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Soup and Sew

2011 November 16
by Thehousedaddy

This year they were owls.  Why owls? It started with a school art project. Noah was making an owl mask and decided he would complete the theme by being an owl for Halloween. And that meant so did Sasha. I make their costumes every year and try to help steer their decision towards what I think I can get done. But in the end it is their decision, and I always make what they want. I had hoped I would be able to hand down costumes like clothes from Noah to Sasha each year, but that didn’t last.  They now both want to be the same thing.

I love and hate Halloween.  Without a doubt it is the kids favorite holiday.  They love it as much as my father did.  For my dad, Halloween was the one time of year he could be the actor – an unfulfilled passion of his.  He would dress up every year in a different elaborate outfit.  Usually it had an international flavor, but a man in character always accompanied it.  Accent, dress and attitude fit the costume.  It was fun.

My kids somehow have developed that same love of the holiday.  Starting on the day after Halloween they start planning their outfits for the next year.  It always changes about 10 times, but it doesn’t matter since I can’t seem to get started making them until the last minute.  For whatever reason I decided to make Noah’s first costume.  It wasn’t very elaborate, but I did sew the entire thing by hand.  A simple pumpkin that was an orange sack with a matching hat that had a stem.  It wasn’t too hard and I could sew all night since he was always up feeding, and I could keep Virginia company as she fed him.

That started a tradition that has now morphed into a basic need; much like food and oxygen is for our children.  It isn’t an option for me not to make their costumes, and their level of appreciation doesn’t match the effort required to make two outfits by hand.  I have also come to realize that each inch of height they gain requires more stitches and more time.  I should have learned how to use a sewing machine.  My grandmother was a seamstress and made men’s suits in a sweatshop when she first came to this country.  She continued to work in an After Six Formal Wear factory in Philly until she retired at the age of 65.  She never stopped sewing and had a wonderful Singer sewing machine that used a foot pedal to operate.  My sister has it now, and I am sure it still works.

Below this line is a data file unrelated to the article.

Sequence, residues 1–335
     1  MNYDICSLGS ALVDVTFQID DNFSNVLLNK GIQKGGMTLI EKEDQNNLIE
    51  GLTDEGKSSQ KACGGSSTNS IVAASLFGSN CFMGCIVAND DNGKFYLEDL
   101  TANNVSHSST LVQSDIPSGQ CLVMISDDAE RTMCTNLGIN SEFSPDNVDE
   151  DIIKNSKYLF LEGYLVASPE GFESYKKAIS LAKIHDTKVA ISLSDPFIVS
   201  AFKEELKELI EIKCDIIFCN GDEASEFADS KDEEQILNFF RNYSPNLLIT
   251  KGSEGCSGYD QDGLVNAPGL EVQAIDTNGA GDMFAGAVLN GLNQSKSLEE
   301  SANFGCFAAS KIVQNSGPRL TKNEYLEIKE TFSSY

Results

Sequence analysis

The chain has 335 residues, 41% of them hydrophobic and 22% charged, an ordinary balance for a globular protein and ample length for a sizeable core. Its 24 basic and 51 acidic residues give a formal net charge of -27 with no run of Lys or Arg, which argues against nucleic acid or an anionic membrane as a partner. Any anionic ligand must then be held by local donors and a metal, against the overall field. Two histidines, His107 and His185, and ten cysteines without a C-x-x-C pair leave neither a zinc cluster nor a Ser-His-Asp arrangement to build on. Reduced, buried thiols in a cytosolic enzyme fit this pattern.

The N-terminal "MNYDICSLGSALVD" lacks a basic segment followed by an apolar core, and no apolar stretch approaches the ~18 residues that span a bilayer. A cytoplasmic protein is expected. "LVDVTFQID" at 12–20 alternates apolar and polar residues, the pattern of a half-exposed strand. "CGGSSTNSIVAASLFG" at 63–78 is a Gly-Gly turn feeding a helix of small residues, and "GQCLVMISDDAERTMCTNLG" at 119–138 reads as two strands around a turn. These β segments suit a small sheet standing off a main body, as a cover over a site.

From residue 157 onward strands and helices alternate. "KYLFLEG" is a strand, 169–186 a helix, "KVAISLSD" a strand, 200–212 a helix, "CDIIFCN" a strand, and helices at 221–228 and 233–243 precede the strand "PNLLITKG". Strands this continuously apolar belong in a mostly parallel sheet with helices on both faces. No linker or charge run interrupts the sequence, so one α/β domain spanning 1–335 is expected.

In some way, I think my devotion to their costumes is really a tribute to the two people who loved kids, Halloween and sewing and sadly can’t see my kids enjoy this day as much as they would have.  Maybe that is why I feel like I have to do this.  Honor my dad, grandmother and try and compensate for the fact that my kids don’t have any grandparents.

So my method for whatever the costume is remains the same with a few exceptions.  I have done the glorified sack construction and added armholes, leg holes and this year sleeves.  With each step I add hours if not days.  I start by laying the kids on paper and outline their bodies.  If I have this I can do whatever I need to do without having a fitting.  I then need to have a vision of what I am doing which changes with the reality that I am not a skilled tailor.  I am getting better with each year, but I am still very slow.  While I am in the Halloween season I don’t do anything else.  Work, exercise and sleep suffer big time.  I don’t have much left in me after so our meals also suffer.

Quick and easy take over and there is nothing more quick or easy than soup.  I can always put a soup together without too much difficulty.  One of our all time favorites is the Asian Noodle soup.  Like everything we do, it is totally driven by what Twin Springs has, but we can also do something decent without the awesome freshness of the local stuff.

I usually first cook the noodles.  I love to use black rice noodles from the Asian market.  You can use any rice noodle, but we only had the potato, rice and soy spaghetti so we went with that.  Instead of straining them, I use the noodle water as the soup base.  The starch from the noodles adds to the soup structure and you feel good about not wasting water and fuel to double boil stock.  We sauté the onions from Twin Springs, which we can get most of the year.  If you sauté them first in a little grapeseed oil in a separate pan you get a real richness to the broth.  To the pasta water I add a little miso, soy sauce, sesame oil and mirin.  It is really important not to cover the pot when you put in the veggies.  You want to maintain their color, flavor and shape, which can’t be done if you cook the crap out of them.  I then add the things that take the longest to cook – broccoli, carrots, red peppers, bok choy and then some freshly frozen corn that we had taken off the cob a few weeks before.  I also a dice extra firm tofu or sometime I use frozen edamame.  You can put in almost anything and I use spinach, or other cabbages or whatever we got or can find.  Over a few noodles, we spoon the soup, add spice to taste, and we are good to go.  The whole process takes about 20 minutes max and there is always plenty of leftovers.  I have been know to start the day off with a bowl or two for breakfast when it is a cold morning and you just can’t get warm.

I have just been informed they want to be squirrels next year.  I think I will get a jump on that soon…..

2 Responses leave one →
  1. November 17, 2011

    the owls are fabulous–love the dangling yellow feet. And the soup looks great too!

  2. January 31, 2012

    Looks beautiful. I was thinking about you recently. On a trip to Monticello with Taylor, we learned that Jefferson was primarily a vegetarian.

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